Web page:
Pop. No. & Location Land Status Year/No. plants Condition Threats
1a. N of Geraldton Nature Reserve 1981 293*
1993 90*
2000 42
2003 52
Healthy High human presence (increased risk of fire, weed invasion), wildfire
1b. N of Geraldton Nature Reserve 1981 *
1993 *
2000 98
2003 135
Healthy High human presence (increased risk of fire, weed invasion), wildfire
2a. N of Geraldton CALM Estate (tenure not finalised) 2000 36
2001 20
2003 49*
Healthy Inappropriate fire regimes
2b. N of Geraldton CALM Estate 2000 16
2001 29
2003 *
Healthy Inappropriate fire regimes
2c. N of Geraldton CALM Estate 2000 100+ Healthy Inappropriate fire regimes
3. N of Geraldton Private Property 2001 16
2003 16
Healthy Inappropriate fire regimes
4. N of Geraldton Private Property 2003 20 Healthy Inappropriate fire regimes
5. N of Geraldton CALM Estate 2003 200+ Healthy Inappropriate fire regimes

* = total for both subpopulations combined.

Guide for decision-makers

Section 1 provides details of current and possible future threats. Any on-ground works (clearing, firebreaks, roadworks etc) in the immediate vicinity of Drummondita ericoides will require assessment. On-ground works should not be approved unless the proponents can demonstrate that they will not have an impact on the species, its habitat or potential habitat.

Critical habitat

Critical habitat is habitat identified as being critical to the survival of a listed threatened species or listed threatened ecological community. Habitat is defined as the biophysical medium or media occupied (continuously, periodically or occasionally) by an organism or group of organisms or once occupied (continuously, periodically or occasionally) by an organism, or group of organisms, and into which organisms of that kind have the potential to be reintroduced (Environment Protection and Biodiversity Conservation Act 1999 (EPBC Act)).

It is considered that all known habitat for wild and translocated populations of Drummondita ericoides is critical habitat. This includes:

  • the area of occupancy of known populations;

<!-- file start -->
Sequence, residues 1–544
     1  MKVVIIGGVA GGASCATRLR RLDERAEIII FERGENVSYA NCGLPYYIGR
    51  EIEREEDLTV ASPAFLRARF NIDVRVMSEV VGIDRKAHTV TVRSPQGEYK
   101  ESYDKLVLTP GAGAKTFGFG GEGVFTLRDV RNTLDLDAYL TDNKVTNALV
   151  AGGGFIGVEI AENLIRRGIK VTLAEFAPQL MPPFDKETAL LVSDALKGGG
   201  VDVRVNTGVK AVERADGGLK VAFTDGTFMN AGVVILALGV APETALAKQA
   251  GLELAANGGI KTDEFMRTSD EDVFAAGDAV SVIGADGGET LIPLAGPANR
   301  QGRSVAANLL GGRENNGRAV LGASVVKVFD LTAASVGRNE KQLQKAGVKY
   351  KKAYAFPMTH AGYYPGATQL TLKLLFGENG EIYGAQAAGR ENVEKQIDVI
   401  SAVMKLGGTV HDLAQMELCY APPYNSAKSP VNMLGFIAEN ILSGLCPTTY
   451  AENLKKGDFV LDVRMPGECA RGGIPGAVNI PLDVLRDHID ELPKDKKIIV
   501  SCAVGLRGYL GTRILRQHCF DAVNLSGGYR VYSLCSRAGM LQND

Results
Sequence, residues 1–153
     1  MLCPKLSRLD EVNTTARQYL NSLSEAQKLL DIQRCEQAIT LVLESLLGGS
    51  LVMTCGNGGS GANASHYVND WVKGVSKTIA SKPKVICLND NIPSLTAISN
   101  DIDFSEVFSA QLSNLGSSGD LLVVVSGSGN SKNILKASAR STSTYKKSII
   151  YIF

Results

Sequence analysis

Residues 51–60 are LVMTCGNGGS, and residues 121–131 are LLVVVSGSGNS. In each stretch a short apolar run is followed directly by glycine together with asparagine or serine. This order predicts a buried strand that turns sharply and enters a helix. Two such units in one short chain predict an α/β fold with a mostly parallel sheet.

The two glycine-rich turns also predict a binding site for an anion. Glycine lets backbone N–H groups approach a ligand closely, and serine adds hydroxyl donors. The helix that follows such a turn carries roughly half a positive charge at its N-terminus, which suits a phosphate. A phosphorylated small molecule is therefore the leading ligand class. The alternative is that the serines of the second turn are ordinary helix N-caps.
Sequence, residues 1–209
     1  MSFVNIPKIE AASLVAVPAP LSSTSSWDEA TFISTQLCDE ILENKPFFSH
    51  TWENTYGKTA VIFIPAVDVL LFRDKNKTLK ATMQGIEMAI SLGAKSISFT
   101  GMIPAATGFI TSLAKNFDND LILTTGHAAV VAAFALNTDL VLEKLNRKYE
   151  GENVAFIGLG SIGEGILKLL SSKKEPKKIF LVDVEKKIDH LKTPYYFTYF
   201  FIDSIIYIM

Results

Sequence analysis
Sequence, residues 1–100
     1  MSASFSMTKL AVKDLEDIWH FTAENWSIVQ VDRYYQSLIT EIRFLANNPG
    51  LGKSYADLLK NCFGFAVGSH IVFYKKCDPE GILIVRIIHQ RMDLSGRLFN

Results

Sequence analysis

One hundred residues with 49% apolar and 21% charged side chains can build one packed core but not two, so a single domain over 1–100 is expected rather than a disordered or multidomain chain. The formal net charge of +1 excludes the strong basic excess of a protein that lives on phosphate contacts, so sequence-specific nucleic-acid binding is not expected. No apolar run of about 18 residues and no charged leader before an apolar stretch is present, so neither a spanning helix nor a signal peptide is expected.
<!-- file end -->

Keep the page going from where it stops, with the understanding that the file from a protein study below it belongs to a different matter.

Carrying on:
• areas of similar habitat within 200 metres of known populations, i.e. low heath on sandstone and laterite slopes with brown loam or sandy loam soils (these provide potential habitat for natural range extension);
  • corridors of remnant vegetation that link populations (these are necessary to allow pollinators to move between populations and are usually road and rail reserves); and
  • additional occurrences of similar habitat that do not currently contain the species but may have done so in the past (these represent possible translocation sites).

Benefits to other species or ecological communities

Eucalyptus blaxellii (Howatharra Mallee) is a Declared Rare Flora (DRF) species that occurs in the habitat of Drummondita ericoides. Eucalyptus blaxellii is ranked as Vulnerable under both the Wildlife Conservation Act 1950 and the EPBC Act. Acacia guinetii also occurs in this general area, and is listed as Priority 4 on CALMs Priority Flora list (Atkins 2003). All three of these species are components of the Priority 1 Ecological Community Melaleuca megacephala and Hakea pycnoneura thickets of Moresby Range. Recovery actions listed within this IRP such as regenerating natural vegetation in areas previously cleared for agriculture near Drummondita ericoides populations will also be of benefit to the ecological community in which the populations are located. Additional DRF and Priority species that may benefit from recovery work in the habitat of Drummondita ericoides as they occur in the general area, include Caladenia hoffmanii subsp. hoffmanii (DRF, ranked as Endangered under both the Wildlife Conservation Act 1950 and the EPBC Act), Leucopogon oblongus (Priority 2), Grevillea triloba (Priority 3) and Verticordia densiflora subsp. roseostella (Priority 3).

International Obligations

This plan is fully consistent with the aims and recommendations of the Convention on Biological Diversity, ratified by Australia in June 1993, and will assist in implementing Australias responsibilities under that convention. The taxon is not listed under any specific international treaty, however, and therefore this IRP does not affect Australias obligations under any other international agreements.

Role and interests of indigenous people

An Aboriginal Sites Register is kept by the Department of Indigenous Affairs, and this lists one burial site and one painting site in the vicinity of Drummondita ericoides. Indigenous communities interested or involved in the region affected by this plan have not yet been identified. Input and involvement will be sought from any indigenous groups that have an active interest in the areas that are habitat for D. ericoides, and this is discussed in the recovery actions.

Social and economic impacts

Some populations of Drummondita ericoides occur on private land and negotiations will continue with regard to the future management of these populations. The implementation of this recovery plan has the potential to have some limited social and economic impact, where populations are located on private property. Recovery actions refer to continued liaison between stakeholders with regard to these areas.

Evaluation of the Plans Performance

CALM will evaluate the performance of this IRP in conjunction with the Geraldton District Threatened Flora Recovery Team. In addition to annual reporting on progress with listed actions and comparison against the criteria for success and failure, the plan is to be reviewed within five years of its implementation.